A group of 20 women claims the Texas abortion ban forced them to continue their pregnancies despite severe risks. Consequently, the Texas Supreme Court scrutinized efforts to clarify exceptions to the state’s abortion ban.
The lawsuit is among the biggest challenges to abortion bans in the U.S. since the Supreme Court overturned Roe v. Wade last year. In July 2023, several Texas women gave emotional testimony about carrying babies they knew would not survive.
In addition, doctors were unable to offer abortions despite their spiraling conditions. Following the lawsuit, a judge ruled that Texas’ abortion ban was too restrictive for women with pregnancy complications.
However, the Supreme Court swiftly put the order on hold after the state appealed. Consequently, the decision now rests with Texas’ Supreme Court. During one of the hearings, a justice on the all-Republican panel signaled concerns about giving physicians the discretion to provide exceptions.
“This very well could open the door far more widely than you’re acknowledging,” Justice Jimmy Blacklock said. The Zurawski v. Texas lawsuit does not seek to repeal Texas’ abortion ban.
On the contrary, it wants to clarify when exceptions are allowed under Senate Bill 8. The S.B. 8 bill, a 2021 law that banned abortions once physicians detect embryonic cardiac activity, is one of the most restrictive in the U.S.
Under the law in Texas, doctors who perform abortions risk life in prison and fines of up to $100,000. Consequently, opponents say the ban has left some women with providers who are unwilling even to discuss terminating a pregnancy.
Among those who appeared in court were women who joined the lawsuit after physicians denied them abortions.
In addition, some of them criticized justices for questioning whether women should instead sue physicians for failing to provide care. “There was no point in suing my doctor, who was already giving me the best care our state offers. I think it falls back on the legislation,” said Kimberly Manzano, who traveled to New Mexico in May for an abortion after doctors said her baby would not survive outside the womb.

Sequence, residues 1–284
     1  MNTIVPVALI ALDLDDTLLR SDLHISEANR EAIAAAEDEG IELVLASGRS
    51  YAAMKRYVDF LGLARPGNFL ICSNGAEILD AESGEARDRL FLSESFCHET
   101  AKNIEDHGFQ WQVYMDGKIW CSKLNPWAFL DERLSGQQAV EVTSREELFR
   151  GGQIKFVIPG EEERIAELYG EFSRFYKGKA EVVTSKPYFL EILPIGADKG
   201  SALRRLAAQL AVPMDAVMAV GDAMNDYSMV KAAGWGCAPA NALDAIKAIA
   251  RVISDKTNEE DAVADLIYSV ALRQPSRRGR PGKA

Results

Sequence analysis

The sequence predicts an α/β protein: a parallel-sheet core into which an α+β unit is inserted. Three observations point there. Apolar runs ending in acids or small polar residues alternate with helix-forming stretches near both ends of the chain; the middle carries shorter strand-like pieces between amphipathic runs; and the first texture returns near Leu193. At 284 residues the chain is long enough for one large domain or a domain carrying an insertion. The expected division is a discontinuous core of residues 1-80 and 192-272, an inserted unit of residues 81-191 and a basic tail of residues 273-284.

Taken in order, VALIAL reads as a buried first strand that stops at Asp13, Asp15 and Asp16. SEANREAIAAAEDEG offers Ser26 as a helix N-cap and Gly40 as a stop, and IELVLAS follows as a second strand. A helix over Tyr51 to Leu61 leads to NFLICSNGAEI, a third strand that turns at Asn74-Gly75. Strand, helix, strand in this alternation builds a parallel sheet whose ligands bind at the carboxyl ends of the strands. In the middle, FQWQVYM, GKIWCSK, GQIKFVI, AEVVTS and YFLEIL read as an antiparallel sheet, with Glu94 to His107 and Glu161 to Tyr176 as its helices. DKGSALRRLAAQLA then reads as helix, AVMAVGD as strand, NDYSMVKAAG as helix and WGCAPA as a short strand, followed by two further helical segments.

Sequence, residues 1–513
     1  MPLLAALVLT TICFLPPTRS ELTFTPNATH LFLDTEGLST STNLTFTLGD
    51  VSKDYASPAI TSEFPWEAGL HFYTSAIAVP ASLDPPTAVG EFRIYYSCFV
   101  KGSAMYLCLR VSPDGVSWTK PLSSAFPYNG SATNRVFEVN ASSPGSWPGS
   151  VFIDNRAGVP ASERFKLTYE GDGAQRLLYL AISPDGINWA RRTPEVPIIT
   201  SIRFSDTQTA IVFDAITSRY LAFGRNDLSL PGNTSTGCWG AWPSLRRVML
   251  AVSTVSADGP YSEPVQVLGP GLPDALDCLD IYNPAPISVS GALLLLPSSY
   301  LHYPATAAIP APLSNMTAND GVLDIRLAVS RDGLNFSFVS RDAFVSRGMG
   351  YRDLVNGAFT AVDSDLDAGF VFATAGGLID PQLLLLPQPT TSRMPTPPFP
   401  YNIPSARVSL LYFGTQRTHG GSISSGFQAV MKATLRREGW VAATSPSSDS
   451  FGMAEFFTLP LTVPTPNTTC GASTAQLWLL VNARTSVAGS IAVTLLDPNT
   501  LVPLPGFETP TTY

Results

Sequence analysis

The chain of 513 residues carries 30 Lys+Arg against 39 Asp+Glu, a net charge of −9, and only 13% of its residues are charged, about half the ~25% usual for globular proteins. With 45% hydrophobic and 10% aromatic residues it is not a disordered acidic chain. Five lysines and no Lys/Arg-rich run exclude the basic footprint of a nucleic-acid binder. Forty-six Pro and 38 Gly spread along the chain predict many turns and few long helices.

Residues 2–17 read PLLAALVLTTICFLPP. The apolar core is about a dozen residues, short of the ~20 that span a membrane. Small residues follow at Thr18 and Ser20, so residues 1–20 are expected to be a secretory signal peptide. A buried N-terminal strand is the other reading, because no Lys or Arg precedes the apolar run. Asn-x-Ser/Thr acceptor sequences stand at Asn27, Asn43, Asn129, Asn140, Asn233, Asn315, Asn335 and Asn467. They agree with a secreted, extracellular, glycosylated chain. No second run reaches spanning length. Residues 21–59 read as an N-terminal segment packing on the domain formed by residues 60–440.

Since the women filed the lawsuit, Texas lawmakers tweaked the Texas Health Code. They give an affirmative defense to doctors who use “reasonable judgment” to treat pre-viable premature ruptures of the membrane (a kind of miscarriage) and ectopic pregnancies. Consequently, the doctors could still be charged, sued, or arrested but would have a defense in court for their actions.
The number of plaintiffs “shows these are not isolated incidents, that this has been continuing to happen to women across Texas,” said Nicolas Kabat, an attorney at the Center for Reproductive Rights. “Only 20 of them joined our case, but not everyone who has a trauma like this is willing to come forward and participate in a lawsuit.”
Like the Texas women, women across the U.S. have continued to file lawsuits challenging abortion restrictions. Near-total abortion restrictions went into effect in Republican-led states after the Supreme Court overturned Roe v. Wade last year. However, the Texas women are the first in the U.S. to have sued a state and testified over being denied abortion following newly enacted bans.
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